Balancing Affordability and Sustainability for MA Housing Stock

Currently the average American uses an average of 15.52 tons of carbon per person, to limit global heating to the 1.5°C above pre-industrial levels set by the Paris Agreement, the number of emissions per person must be limited to 2.3 tons per year. With an estimated 40% of carbon emissions linked to the built environment, more stringent energy efficiency standards are a critical component of reducing our collective carbon footprint. Yet the introduction of stricter regulations and farther reaching goals can increase the cost of construction, limiting the number and scope of projects a developer can tackle. If regulations further exacerbate an estimated shortage of 7.3 million affordable housing options in the US, will achieving our climate goals come at the cost of equity?

Utilizing the state of Massachusetts as a case study, DUSP alumna María Jimena Muzio (MCP ‘23) explores how the state’s ambitious commitment to reduce emissions by 50% by 2030 and achieve net-zero emissions by 2050 has impacted housing supply. “My thesis arose from the joint project with the MA Home Builders Association (HBRAMA) and Wentworth Institute of Technology (WIT) in which I worked as a research assistant analyzing the impact of the Home Energy Rating System (HERS) on home prices and households utilities costs – Massachusetts was the first state to adopt the Stretch Energy Code, an above-code appendix to the base building energy code that prioritizes energy performance over prescriptive requirements. Furthermore, the Act of 2008 allows cities and towns to apply for a ‘Green Community’ designation, which entitles them to receive financial and technical support to reduce energy use and costs by implementing clean energy projects in municipal buildings, facilities, and schools. Once municipalities are designated as Green Communities, they must adopt the Stretch Energy Code, which mandates that all new residential buildings meet a targeted HERS Index Score, a nationally recognized system for assessing and calculating a home's energy performance.”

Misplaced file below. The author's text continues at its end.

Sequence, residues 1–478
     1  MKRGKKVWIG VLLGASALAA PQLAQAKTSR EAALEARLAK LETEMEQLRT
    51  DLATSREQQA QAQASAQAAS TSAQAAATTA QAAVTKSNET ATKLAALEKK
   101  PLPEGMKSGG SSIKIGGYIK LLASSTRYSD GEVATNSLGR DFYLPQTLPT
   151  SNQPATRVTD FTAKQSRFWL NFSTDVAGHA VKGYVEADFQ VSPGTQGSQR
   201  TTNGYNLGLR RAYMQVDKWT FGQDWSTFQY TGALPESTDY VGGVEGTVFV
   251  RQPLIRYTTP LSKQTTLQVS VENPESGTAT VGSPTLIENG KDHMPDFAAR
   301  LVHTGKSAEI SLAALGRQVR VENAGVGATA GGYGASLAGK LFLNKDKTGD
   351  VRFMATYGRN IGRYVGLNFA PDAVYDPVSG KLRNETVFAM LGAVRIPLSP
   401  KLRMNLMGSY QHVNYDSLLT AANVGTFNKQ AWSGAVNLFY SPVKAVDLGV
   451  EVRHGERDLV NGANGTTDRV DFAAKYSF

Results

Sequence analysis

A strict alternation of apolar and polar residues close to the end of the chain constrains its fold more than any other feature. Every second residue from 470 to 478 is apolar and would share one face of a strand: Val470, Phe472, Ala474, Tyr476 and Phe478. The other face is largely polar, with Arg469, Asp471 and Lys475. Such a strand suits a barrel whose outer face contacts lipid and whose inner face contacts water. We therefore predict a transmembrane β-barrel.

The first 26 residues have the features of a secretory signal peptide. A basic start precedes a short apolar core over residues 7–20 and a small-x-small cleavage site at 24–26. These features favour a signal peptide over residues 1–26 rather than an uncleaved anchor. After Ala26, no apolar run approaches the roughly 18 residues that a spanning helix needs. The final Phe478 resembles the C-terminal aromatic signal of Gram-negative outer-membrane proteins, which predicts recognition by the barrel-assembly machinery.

Leveraging multiple streams of data Muzio highlights the demographics of Massachusetts residents who benefit the most from the Green Communities Program, as well as how adopting the Stretch Energy Code changes developers preferences from single-family homes to multi-family residential properties. Muzio’s thesis won the department award for outstanding thesis, presented each year to a Master of City Planning student for their extraordinarily researched and written thesis.

Post graduation, Muzio will be working at the Environmental Solutions Initiative at MIT, researching carbon markets and biodiversity conservation and preservation in Latin America. “Working with the HBRAMA project sparked my interest in policies aimed at decarbonizing the built environment. In the future, I would like to work in public agencies or international organizations in charge of implementing policies aimed at reducing our carbon emissions to make our cities more healthy and sustainable.”

Muzio’s thesis is currently being built upon and adapted into a forthcoming paper with co-authors Siqi Zheng, Justin Steil and Dongxiao Niu.